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What I am trying to do:

I am building a character sheet application for use on my phone or tablet and would like to be able to make a few bucks off of it should it turn out handy during my own game play. I would like to use Races and Classes in the application so certain attributes (racial ability bonuses/penalties, racial traits, spell-like abilities, spells per day, and anything else used to determine character sheet data) will auto populate. Can I use that much information in an application I plan to sell or am I stuck with mechanics only (calculating the abilities scores and HP for example but the user has to enter all info for these calculations)?

It would be nice to provide feats and spells list so the user does not have to type in the info (and to keep from too much data duplication in my database).

My plan at this point would be to allow PCs up to lvl 4 for free and charge a buck or two to lvl up past that. I will definitely provide all PRD information I use as reference for free in my application.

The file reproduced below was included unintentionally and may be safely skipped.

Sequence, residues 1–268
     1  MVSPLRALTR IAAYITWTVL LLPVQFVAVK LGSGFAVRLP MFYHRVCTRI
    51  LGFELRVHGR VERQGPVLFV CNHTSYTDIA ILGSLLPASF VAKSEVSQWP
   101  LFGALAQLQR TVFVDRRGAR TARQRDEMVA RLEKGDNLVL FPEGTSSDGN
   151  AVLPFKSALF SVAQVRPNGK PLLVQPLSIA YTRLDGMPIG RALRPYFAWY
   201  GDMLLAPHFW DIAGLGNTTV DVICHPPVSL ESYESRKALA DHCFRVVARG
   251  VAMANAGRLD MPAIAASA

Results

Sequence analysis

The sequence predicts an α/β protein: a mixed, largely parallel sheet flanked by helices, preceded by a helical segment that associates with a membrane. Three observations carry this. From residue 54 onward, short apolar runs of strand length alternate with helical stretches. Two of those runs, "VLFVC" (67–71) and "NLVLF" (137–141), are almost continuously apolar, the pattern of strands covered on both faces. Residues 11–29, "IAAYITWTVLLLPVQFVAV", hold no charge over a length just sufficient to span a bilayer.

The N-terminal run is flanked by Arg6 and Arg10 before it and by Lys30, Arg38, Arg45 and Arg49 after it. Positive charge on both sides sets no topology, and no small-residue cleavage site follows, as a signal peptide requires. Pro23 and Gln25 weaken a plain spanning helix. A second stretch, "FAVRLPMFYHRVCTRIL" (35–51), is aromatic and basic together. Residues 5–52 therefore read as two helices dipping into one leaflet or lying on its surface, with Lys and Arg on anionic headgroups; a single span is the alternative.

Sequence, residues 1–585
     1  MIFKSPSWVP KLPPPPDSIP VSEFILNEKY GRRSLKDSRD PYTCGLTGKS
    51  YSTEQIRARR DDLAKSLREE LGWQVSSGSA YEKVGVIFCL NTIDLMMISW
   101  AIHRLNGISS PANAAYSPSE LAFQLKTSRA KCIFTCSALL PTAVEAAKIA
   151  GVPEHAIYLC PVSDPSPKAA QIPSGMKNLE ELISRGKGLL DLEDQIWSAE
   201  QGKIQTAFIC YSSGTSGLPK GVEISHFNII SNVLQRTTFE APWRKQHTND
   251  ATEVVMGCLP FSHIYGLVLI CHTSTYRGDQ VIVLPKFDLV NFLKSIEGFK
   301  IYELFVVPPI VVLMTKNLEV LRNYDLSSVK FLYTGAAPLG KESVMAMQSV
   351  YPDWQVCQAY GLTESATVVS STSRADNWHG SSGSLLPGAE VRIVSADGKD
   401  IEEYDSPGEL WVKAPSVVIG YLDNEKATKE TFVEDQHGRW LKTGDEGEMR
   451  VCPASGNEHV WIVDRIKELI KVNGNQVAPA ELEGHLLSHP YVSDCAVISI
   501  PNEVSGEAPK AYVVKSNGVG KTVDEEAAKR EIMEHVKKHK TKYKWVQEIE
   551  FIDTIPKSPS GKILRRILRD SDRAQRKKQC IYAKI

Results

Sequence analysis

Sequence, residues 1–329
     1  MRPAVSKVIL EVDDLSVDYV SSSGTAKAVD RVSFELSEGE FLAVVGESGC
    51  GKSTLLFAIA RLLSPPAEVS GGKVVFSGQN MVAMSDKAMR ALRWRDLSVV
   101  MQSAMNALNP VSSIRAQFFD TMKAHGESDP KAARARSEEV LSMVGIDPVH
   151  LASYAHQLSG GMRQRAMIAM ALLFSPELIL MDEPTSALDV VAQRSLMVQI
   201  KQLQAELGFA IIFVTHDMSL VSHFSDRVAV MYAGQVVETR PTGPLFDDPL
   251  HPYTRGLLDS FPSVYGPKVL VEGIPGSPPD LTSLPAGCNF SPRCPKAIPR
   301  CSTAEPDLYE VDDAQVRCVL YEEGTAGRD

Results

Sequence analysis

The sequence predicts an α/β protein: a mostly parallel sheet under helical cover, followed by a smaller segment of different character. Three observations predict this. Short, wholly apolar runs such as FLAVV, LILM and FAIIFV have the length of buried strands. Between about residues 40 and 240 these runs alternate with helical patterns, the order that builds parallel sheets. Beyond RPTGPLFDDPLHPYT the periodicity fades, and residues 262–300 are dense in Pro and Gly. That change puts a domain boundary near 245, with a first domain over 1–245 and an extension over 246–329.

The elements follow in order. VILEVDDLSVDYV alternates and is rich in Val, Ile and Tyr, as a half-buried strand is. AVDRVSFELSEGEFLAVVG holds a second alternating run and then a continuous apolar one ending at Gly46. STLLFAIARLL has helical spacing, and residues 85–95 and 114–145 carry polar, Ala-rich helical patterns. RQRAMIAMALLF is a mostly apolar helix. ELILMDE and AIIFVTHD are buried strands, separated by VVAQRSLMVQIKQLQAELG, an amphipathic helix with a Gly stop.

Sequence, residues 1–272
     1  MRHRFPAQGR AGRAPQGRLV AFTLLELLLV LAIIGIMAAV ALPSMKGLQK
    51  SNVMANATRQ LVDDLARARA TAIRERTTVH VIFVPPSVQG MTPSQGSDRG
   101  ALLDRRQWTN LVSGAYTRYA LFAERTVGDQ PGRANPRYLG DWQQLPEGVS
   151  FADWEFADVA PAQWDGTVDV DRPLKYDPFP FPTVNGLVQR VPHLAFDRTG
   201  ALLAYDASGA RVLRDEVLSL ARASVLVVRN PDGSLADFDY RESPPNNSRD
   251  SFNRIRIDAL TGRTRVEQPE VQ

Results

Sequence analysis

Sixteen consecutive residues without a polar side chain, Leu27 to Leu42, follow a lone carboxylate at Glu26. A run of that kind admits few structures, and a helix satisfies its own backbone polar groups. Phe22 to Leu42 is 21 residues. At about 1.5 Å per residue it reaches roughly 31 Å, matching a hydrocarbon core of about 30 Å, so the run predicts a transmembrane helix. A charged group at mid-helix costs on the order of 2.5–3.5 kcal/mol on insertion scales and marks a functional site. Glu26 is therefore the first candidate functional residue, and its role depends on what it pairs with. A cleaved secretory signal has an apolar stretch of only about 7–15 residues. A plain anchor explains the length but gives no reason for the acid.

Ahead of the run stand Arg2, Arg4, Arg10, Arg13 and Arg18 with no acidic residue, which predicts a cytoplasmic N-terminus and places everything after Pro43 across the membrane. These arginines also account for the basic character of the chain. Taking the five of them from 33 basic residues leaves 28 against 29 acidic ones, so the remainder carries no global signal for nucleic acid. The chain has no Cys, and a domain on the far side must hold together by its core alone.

What my issue is:

I am having a hard time determining what Paizo considers to be Open Content and Product Identity.

I have read the OGL posted on Paizo website but am unsure what exactly is considered PI.

All trademarks, registered trademarks, proper names (characters, deities, etc.), dialogue, plots, storylines, locations, characters, artworks, and trade dress.

The PRD lists races and classes but not specific characters or deities so am I to assume if it is on the PRD it is Open Content?

The PRD included this text on their home page:

This compendium of rules, charts, and tables contains all of the open rules in the system

It says it contains all open rules but does not explicitly say that all the content is open.

I did see this question and the second answer seems to say that everything included in the PRD is OC, but I assume they mentioned PI on their OGL page because something in the PRD is not OC.

Am I making this too hard?

What I am unsure of:

What is "etc." in the Product Identity clause and why include it in the OGL definition page if all the PRD content is OC?

Can I use Race, Class, Spell, and Feat data in my application if is in the PRD?

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3 Answers 3

up vote 5 down vote accepted

(usual disclaimer that I'm not a professional lawyer and that you should consult one)